Parish tourney a real treat
I’M?JOINING?THE ROAD TENNIS BANDWAGON TODAY as I enjoyed what was served up at Dover last weekend.
No praise is too high for Minister of Sport Stephen Lashley and his team from the National Sports Council (NSC), led by chairman Seibert Straughn and director of sport Erskine King, along with the other organizers of the Inter-parish Road Tennis Fournament like Philip “Foff” Garner.
The setting for the two-day finals last Friday and Saturday reminded one of an international event staged in the United States, England or Australia.
The idea to erect a large tent over the basketball court at Dover as a contingency in the event of rain was a stroke of genius.
Spectators seated courtside inside the tent watching the action was simply a wonderful sight. Not only the die-hard road tennis fans were there; also present were the curious, visitors and even some dignitaries.
Also on hand were several children and the high standard of tennis that they saw during the exhibition between seven-year-old Tejay Beckles and 11-year-old Nicholas Ifill was unbelievable.
Most of the “A” Class players, such as the incomparable Julian “Michael Jackson” White and others like Anthony “Ears” Mitchell, are in their 40s but it would appear the future of the game is in excellent hands.
But the tent really enhanced the finals and one hopes that other sporting associations can utilize tents of similar size for some of their outdoor events, especially when the Gymnasium of the Garfield Sobers Sports Complex is not available.
I’m sure that netball can be played under the same tent and new president of the Barbados Netball Association, Nisha Cummins, who was present, along with a group of former national netballers, probably would’ve taken note of the possibilities.
Boxing is another sport that could be staged under such a tent. I would also suggest that the NSC look at the feasibility of actually acquiring one of those tents. Not only could it be used for NSC activities, it could also be rented out.
Road tennis has seemingly received a major lift with massive media coverage, especially by the NATION newspaper, starting with the Belfield tournament, continuing with the Silver Hill tournament and culminating with the NSC’s inter-parish showpiece.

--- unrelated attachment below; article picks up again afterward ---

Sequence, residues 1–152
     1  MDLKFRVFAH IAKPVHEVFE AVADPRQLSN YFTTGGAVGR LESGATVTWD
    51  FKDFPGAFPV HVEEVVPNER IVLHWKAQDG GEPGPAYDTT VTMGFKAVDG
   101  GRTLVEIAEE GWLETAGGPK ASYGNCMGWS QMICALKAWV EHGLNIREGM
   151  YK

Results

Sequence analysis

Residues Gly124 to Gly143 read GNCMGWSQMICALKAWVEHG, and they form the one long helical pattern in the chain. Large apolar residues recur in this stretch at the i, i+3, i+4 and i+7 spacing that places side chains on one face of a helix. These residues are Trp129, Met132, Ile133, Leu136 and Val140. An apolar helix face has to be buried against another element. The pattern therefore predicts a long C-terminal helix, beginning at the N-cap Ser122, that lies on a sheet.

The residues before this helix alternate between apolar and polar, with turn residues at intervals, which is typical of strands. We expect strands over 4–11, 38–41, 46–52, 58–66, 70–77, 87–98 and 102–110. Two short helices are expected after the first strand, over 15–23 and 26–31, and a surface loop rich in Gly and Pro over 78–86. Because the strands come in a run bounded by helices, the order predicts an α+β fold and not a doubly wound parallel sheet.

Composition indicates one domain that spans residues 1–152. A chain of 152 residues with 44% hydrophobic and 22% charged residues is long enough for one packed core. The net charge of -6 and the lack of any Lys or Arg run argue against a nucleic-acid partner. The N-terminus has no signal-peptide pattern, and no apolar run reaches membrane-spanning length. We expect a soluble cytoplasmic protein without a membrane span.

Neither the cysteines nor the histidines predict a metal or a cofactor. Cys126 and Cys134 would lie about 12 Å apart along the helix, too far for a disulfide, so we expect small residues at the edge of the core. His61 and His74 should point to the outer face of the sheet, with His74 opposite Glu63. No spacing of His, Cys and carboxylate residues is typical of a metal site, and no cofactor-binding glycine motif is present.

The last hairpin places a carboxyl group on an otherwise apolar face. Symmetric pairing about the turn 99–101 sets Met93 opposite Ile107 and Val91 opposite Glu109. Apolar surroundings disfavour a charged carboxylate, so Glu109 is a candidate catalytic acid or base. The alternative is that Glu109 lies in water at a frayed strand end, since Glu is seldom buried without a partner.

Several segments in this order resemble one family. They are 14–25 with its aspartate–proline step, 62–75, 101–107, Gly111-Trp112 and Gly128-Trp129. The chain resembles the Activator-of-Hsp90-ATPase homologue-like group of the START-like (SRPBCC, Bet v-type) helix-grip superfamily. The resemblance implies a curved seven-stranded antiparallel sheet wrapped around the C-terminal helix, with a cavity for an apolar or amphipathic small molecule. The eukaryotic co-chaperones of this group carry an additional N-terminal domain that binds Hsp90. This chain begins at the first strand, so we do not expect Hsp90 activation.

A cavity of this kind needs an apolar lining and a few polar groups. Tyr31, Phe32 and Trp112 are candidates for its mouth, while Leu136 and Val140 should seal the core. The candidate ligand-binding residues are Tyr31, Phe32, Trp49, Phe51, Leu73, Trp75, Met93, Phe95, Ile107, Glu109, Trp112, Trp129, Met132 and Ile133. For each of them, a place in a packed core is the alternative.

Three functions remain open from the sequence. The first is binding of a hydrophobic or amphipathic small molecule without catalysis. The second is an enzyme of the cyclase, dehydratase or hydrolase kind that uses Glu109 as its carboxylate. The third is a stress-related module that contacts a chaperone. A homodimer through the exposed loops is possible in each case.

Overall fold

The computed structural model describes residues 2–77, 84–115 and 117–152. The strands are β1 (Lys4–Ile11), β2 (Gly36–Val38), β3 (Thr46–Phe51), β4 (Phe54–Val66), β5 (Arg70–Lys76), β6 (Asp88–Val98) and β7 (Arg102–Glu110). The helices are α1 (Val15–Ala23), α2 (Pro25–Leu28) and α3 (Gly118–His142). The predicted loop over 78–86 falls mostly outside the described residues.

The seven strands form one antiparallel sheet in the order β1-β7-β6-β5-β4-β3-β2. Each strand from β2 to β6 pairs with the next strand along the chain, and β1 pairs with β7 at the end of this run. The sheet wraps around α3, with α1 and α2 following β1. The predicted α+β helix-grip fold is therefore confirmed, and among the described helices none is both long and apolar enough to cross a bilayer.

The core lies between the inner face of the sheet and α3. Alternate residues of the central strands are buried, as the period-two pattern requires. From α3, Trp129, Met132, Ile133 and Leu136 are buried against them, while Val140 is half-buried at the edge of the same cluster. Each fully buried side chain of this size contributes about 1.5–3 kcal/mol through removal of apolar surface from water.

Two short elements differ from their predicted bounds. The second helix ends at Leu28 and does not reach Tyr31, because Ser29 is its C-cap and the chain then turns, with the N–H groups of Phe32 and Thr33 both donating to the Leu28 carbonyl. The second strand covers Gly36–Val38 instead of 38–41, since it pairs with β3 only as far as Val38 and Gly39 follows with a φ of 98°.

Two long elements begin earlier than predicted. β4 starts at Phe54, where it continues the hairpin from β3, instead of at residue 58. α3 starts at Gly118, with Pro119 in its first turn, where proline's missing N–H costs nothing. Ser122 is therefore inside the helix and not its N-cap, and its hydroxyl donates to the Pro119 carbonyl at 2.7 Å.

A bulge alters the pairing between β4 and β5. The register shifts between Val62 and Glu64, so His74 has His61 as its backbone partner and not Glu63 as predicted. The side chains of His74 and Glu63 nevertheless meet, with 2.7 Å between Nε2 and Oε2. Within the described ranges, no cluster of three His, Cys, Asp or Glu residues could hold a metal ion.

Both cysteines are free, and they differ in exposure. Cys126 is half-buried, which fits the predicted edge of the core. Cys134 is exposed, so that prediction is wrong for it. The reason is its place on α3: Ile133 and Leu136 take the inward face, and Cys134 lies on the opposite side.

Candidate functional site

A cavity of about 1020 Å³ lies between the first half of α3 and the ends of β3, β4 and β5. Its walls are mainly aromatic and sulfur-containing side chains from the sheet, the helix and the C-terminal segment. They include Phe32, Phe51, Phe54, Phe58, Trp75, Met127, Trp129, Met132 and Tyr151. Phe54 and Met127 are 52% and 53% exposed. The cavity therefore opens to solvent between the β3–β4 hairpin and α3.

That this indigenous game was televised live on the CBCTV8 for the second straight year speaks volumes.
Close to 2 000 people converged at Dover, and again Minister Lashley must be commended for making it possible for the sport to be exposed to a national television audience.
In an interview at the end of the Silver Hill Community Tournament, Lashley said he would be pushing for a world tournament.
I sincerely believe this is possible, and it is up to him and his competent teams of NSC officials like Straughn, King, assistant director Mona Alleyne and deputy director Neil Murrell to put the wheels in motion.
On the actual tournament, it was a pity that Christ Church did not have the services of their two best players at the moment, Mitchell and the previously unknown Victor “Earth” Ward.
What I didn’t like was the decision to allow White to sit out the preliminaries for St Michael.
That might be okay for an invitational tournament where the top seed is given a bye and only enters at a certain stage but in a parish competition, where every player is fighting to represent their parish, the same situation and regulations must exist for every team as each parish could also demand that their best players be given a free ride. Not even Rafael Nadal or Roger Federer is afforded such luxury at Wimbledon or any Grand Slam event!
I know there are several outstanding players in St Michael, and all of them cannot be accommodated in the “A” Class, but to have a player with the ability of Mark “Venom” Griffith competing in the “B” Class just didn’t seem right.
It raises the question: who determines “A” and “B” class players and what criterion is used to arrive at such decisions?
Additionally, I would suggest that each parish be represented by three players in both the “A” and “B” classes instead of just two as is the case now.
That would eliminate the current tiebreaker system which is used to determine the overall result of matches in the event a player from each team wins his contest. Each parish should also play an equal number of matches to reach the knockout quarter-final phase.
But nothing can take away from the spectacle that was put on last weekend. Take a bow, organizers.